Once we have a grid on the screen, regartless of whether it's a square grid or a hex grid, what we essentially have is a map showing where stuff is.
But, for game purposes, just looking at the map and viewing what it presents is not enough.
We also want to be able to interact with the map in two basic ways:
1. We want to be able to right-click our mouse on a location on the map to ask it to display additional and more detailed information than it's able to display on the face of the map itself.
For example, a square or hex on the map might be green, but if we right-click on that location, it might pop-up a box telling us that there's a pot of gold hidden in the woods and that it's somewhere above ground level.
2. We want to be able to left-click our mouse on a location to issue a command for action.
For example, we might want to instruct our exploration crew to move to and make a careful examination of some particular square or hex.
So, at the most basic level, when we click the mouse, we need to know which square or hex we clicked on.
Quite possibly the most brilliant and exhaustive online treatment of this subject is provided by Amit Patel at:
Amit's site has lots of fun interactive stuff to play with, but it's also rather math-heavy. Even after 30 years as an engineer and ten years as a computer consultant, my eyes started to glaze over rather quickly.
I also need to suggest that all that math may be somewhat like shooting flies with a shotgun: it's messy, and will probably miss the fly anyway...
You see, most of our games are complicated by the fact that they live in the real world, rather that in the ideal world of mathematics.
From the ideal mathematics view, a point takes up no space: it has no dimensions, it only has a location (aka position).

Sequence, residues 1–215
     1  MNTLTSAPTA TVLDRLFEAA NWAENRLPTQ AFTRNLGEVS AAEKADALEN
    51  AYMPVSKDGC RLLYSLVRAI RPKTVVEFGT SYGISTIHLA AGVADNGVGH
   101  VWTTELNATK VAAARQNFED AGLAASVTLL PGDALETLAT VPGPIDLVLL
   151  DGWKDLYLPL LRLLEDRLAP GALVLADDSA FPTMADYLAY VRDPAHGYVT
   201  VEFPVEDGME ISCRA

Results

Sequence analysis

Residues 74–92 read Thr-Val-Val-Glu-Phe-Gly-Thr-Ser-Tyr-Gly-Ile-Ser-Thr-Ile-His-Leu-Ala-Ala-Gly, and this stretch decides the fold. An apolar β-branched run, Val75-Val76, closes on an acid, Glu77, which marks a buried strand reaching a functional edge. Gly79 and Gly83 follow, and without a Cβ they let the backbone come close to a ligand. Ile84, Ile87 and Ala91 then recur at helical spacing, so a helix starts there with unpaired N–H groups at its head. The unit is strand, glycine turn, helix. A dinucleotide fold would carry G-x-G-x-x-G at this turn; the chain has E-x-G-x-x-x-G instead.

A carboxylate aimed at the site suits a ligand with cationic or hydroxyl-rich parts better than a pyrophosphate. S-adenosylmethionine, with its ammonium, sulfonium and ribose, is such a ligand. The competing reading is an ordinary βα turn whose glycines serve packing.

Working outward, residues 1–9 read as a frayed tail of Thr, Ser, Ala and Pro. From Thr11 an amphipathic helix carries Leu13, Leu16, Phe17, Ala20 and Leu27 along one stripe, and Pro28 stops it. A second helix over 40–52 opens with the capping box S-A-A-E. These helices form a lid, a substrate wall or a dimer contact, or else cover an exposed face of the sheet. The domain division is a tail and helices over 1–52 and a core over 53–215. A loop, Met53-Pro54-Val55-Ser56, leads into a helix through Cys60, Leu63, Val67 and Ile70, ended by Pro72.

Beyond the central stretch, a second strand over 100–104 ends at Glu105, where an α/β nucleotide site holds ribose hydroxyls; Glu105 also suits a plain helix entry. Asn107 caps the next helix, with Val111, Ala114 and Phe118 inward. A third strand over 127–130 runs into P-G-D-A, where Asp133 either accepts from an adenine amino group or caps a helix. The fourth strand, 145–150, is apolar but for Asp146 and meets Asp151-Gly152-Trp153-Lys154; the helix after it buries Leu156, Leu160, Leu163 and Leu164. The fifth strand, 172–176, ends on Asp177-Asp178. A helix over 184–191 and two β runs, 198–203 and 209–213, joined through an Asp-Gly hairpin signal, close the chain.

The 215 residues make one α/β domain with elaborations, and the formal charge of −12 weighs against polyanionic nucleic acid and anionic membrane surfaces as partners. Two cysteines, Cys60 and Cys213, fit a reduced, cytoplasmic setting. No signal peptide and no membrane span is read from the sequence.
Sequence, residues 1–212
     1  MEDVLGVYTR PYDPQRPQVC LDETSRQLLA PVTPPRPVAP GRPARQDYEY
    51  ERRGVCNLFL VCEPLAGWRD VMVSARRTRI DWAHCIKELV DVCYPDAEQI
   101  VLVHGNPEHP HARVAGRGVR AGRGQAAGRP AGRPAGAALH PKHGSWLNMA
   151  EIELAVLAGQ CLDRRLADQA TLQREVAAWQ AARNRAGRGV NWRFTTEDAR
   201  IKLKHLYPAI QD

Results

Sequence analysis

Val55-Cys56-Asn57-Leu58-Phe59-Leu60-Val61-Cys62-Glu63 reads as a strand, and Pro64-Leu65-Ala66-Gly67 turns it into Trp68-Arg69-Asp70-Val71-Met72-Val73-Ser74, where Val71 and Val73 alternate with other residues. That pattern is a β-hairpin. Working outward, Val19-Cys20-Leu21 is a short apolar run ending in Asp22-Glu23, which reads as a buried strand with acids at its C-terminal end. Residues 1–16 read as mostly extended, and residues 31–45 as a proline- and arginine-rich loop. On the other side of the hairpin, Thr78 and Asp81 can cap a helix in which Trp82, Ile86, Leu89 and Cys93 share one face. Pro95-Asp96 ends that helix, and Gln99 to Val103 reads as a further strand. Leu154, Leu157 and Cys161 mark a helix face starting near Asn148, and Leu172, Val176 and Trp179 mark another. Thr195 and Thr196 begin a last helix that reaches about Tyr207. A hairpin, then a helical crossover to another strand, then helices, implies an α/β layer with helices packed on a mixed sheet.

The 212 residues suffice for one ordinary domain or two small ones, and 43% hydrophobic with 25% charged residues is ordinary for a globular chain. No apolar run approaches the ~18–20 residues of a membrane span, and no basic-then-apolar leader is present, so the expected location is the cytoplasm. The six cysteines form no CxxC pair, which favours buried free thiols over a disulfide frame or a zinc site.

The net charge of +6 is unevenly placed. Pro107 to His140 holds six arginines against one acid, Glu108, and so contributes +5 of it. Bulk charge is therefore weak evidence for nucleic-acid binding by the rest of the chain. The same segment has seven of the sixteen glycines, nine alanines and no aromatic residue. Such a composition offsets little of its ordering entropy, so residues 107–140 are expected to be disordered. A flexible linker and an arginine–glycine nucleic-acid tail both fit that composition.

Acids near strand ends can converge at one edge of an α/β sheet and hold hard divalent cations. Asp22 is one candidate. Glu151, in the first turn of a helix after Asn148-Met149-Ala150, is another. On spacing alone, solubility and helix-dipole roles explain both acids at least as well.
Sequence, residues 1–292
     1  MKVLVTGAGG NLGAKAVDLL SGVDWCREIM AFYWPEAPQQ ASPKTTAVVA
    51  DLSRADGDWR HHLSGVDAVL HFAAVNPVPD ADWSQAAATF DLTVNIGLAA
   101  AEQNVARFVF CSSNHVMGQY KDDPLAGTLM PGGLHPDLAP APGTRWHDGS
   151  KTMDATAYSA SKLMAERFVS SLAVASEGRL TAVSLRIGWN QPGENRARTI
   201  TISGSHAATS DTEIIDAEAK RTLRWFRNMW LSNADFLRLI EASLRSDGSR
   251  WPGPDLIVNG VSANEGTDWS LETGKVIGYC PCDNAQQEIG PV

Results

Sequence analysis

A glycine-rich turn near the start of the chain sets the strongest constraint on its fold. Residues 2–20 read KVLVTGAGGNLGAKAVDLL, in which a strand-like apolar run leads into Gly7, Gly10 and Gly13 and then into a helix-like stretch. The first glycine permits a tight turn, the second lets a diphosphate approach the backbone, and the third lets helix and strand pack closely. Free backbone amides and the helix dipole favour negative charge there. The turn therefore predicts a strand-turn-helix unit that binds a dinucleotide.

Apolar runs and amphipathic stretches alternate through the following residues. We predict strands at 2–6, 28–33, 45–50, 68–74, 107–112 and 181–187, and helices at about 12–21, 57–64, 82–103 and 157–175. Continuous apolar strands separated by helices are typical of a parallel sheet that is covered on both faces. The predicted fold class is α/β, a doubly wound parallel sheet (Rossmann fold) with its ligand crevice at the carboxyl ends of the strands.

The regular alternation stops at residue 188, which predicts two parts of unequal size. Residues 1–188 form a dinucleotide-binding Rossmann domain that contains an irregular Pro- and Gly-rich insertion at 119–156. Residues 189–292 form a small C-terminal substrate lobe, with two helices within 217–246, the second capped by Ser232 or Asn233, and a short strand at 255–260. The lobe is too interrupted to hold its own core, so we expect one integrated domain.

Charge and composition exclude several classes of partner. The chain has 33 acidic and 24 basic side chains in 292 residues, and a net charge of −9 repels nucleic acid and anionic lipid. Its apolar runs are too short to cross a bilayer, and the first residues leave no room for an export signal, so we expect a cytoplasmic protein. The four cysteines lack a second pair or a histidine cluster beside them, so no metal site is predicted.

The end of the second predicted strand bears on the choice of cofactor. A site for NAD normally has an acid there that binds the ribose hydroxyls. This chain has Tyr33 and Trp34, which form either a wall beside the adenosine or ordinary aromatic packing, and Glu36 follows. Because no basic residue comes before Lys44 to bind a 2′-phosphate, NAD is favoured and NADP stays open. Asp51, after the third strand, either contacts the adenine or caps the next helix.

But, from a real (raster graphics) view, a point takes up one pixel; it is one pixel wide and one pixel high.
Even if you're using a vector graphics package for design and calculations, the visual display is still a raster device, and any given point is one pixel wide and one pixel high.
Similarly, from the ideal mathematics view, a line segment has no width; only length.
But, in raster graphics, every line is at least one pixel wide.
Also, in mathematics, a line's length could be 3 units long, 4 units long, or 3.5478664328675 units long, i.e. x units long, x+1 units long, or x.5478664328675 units long.
But, in raster graphics, a line could be displayed as x pixels long, or x+1 pixels long, but nothing in between. Oh, you can calculate it to greater precision, but you can't display it to any precision greater than pixel precision.
For reference, Bresenham's Line Drawing Algorithm provides a living example of the restrictions encountered in trying to display an arbitrary line on a raster display.
So, if real world points and lines take up actual space, how should we allocate them?
What I mean is, if a given point or line takes up physical space, do the points and lines which delineate our squares or hexes belong to only one square or hex, or do they belong to all the squares or hexes they simultaneously touch.
This is admittedly a subjective decision; as the game designers, it's our job to make that decision. In the real world, asking mathematics to make that decision for us would be highly counterproductive.
I would argue that if they belong to all such squares or hexes simultaneously, the math and mechanics of dealing with them becomes horribly complex real quick.
For example, given that real points are 1 pixel wide and 1 pixel high, if our game player happens to click right on that pixel, which square or hex has that player actually clicked in?
We could call that an "indeterminate-click" and ask our player to click again. Our player won't like that, and will soon go looking for someone else's games to play instead.
We could try to develop some sort of algorithm to automatically make that decision for us, but therein lies the "horribly complex" monster once again.
I would suggest that everything would be better if we simply set a convention which says points and lines belong to one specific square or hex only, and which establishes to which square or hex that given point or line belongs.
I've selected what I call the "Upper-Left" Convention for my games.
In the following pages, we'll look at that convention in more detail; first for squares and then for hexes.